As the article below points out, stopping the nuclear fission by inserting the control rods is just one initial step. You have to keep cooling the reactor core.
If external power supply fails, New Jersey's four nuclear reactors will continue to be cooled by pumps powered by backup generators which are supposed to last for seven days.
To assure people further, newsroomjersey.com article says:
Such containment structures are tough enough to withstand the impact of a 747 airliner crashing into it.
From newsroomjersey.com (10/28/2012):
Hurricane Sandy and N.J. nuclear power plants: Keeping it cool in high winds
On Sunday, New Jersey’s four nuclear power stations, along with another dozen or so along the Eastern Seaboard,were prepped to deal with Hurricane Sandy as that massive storm crawls up the East Coast toward the Garden State.
Federal regulators require nuclear reactors to be in a safe shutdown condition at least two hours before hurricane force winds strike, according to Alec Marion, VP of nuclear operations at the Nuclear Energy Institute, an energy industry association.
Typically, plant operators begin shutting down reactors about 12 hours before winds exceeding 74 miles per hour arrive.
One of the most significant challenges in the shutting down process is keeping the reactor core cool. Stopping the fission, or atom-splitting, process can be accomplished simply by lowering control rods into the core. However, the heat-producing decay of nuclear materials continues long after fission is terminated – at high intensity for days and at progressively lower intensity for very long periods.
Because potentially dangerous heat levels persist, it is essential that cooling pumps continue to operate long after the reactor has been shut down.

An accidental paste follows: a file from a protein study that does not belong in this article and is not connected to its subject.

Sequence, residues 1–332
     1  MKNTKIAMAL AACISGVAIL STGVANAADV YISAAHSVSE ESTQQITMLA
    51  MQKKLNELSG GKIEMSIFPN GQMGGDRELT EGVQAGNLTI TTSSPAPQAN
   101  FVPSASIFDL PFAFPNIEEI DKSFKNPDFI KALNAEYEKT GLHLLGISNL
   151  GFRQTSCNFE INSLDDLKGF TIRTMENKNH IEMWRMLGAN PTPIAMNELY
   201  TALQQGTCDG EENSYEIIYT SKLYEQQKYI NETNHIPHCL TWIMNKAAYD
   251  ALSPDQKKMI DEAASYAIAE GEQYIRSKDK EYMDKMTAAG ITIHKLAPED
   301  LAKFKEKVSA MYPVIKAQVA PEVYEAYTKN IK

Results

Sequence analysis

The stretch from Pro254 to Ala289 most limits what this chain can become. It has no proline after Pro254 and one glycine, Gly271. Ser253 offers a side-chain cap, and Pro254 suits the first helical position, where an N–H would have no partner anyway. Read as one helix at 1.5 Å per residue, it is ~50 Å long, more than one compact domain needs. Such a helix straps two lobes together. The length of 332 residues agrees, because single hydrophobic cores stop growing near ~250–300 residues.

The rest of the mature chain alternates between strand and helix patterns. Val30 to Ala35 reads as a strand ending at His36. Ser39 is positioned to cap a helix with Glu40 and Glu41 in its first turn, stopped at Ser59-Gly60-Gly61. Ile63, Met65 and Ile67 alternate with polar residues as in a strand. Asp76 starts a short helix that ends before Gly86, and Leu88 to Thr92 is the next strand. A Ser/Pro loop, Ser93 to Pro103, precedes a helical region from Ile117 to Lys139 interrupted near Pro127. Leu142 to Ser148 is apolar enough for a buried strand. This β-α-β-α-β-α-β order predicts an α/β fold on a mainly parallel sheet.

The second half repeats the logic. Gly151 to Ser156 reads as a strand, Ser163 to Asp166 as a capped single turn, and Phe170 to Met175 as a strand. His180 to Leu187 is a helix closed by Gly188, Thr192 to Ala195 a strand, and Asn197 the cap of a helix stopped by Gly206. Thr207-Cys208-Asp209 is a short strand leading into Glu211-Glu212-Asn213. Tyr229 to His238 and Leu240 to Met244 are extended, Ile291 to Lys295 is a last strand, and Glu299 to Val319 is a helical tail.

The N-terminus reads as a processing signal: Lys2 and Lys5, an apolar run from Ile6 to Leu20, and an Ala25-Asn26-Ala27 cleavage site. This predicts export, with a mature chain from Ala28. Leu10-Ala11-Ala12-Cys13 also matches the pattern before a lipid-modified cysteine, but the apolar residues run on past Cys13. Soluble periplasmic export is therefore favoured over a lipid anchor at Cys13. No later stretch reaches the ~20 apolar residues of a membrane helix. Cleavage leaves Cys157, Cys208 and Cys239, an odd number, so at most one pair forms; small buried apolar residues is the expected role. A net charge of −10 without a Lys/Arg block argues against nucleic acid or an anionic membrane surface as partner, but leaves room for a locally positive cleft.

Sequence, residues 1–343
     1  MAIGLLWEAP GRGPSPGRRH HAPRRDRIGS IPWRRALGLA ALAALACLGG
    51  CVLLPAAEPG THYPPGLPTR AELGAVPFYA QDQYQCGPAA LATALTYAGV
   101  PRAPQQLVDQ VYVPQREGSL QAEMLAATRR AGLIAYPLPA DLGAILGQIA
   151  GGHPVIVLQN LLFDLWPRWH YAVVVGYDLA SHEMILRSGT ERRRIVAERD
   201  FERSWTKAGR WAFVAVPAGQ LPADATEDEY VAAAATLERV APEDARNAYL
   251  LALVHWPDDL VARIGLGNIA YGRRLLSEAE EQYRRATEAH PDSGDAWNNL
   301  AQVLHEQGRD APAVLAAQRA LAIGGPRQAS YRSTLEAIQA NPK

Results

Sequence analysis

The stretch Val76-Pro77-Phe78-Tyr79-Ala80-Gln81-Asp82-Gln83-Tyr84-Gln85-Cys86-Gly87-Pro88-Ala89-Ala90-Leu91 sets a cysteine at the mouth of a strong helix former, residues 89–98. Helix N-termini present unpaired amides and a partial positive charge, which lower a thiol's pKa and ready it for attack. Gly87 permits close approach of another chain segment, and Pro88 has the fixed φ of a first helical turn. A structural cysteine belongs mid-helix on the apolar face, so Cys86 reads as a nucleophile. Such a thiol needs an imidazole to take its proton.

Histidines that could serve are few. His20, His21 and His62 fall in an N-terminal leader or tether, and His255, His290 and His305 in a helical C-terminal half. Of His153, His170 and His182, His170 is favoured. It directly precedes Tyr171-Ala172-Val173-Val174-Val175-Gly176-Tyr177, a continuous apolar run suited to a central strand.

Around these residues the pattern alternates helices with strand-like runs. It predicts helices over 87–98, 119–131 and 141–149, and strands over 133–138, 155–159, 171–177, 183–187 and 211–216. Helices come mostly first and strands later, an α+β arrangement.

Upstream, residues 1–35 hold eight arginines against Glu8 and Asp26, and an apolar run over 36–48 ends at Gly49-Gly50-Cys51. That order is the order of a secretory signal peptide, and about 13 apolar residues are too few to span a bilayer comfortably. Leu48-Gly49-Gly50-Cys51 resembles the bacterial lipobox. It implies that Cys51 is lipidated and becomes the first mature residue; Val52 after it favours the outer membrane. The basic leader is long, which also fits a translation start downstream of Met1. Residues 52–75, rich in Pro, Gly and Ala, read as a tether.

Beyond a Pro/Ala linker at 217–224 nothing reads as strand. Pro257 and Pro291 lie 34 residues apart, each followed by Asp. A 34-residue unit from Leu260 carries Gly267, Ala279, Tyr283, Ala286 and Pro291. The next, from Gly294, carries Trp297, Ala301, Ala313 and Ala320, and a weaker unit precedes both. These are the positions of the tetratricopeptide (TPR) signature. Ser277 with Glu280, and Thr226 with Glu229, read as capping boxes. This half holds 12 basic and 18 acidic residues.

When the reactor is operating, it produces abundant electricity, enough to power tens of thousands of homes and businesses and power its own cooling pumps. When it is shut down, the reactor requires electricity produced at other, distant generating plants to power its cooling pumps. If hurricane force winds, or some other phenomenon, damage the power lines connecting a shut-down nuclear station to the power grid, there are emergency generators located at each nuclear station that can supply power to the cooling pumps.
At the Fukushima nuclear disaster in Japan last year, the plants were cut off from the national power grid and the emergency generators were also knocked out of service by a powerful Tsunami, a gigantic wave of sea water created by a nearby earthquake.
Nuclear operators such as Exelon and PSE&G in New Jersey seek to locate and protect emergency generators and other key equipment so that they are unlikely to be affected by strong winds or unusually high tides. Federal regulations require that companies keep a minimum seven days of fuel on site to keep generators operating.
There are four nuclear generating stations in Jersey: Salem I, Salem II, and Hope Creek all situated next to one another in Salem County on Delaware Bay; and Oyster Creek located in Lacey Township near the Jersey Shore. Each of these reactors is enclosed in a containment building, a protective shell of four-foot-thick concrete designed to keep radioactive materials from escaping in case of emergency. Such containment structures are tough enough to withstand the impact of a 747 airliner crashing into it.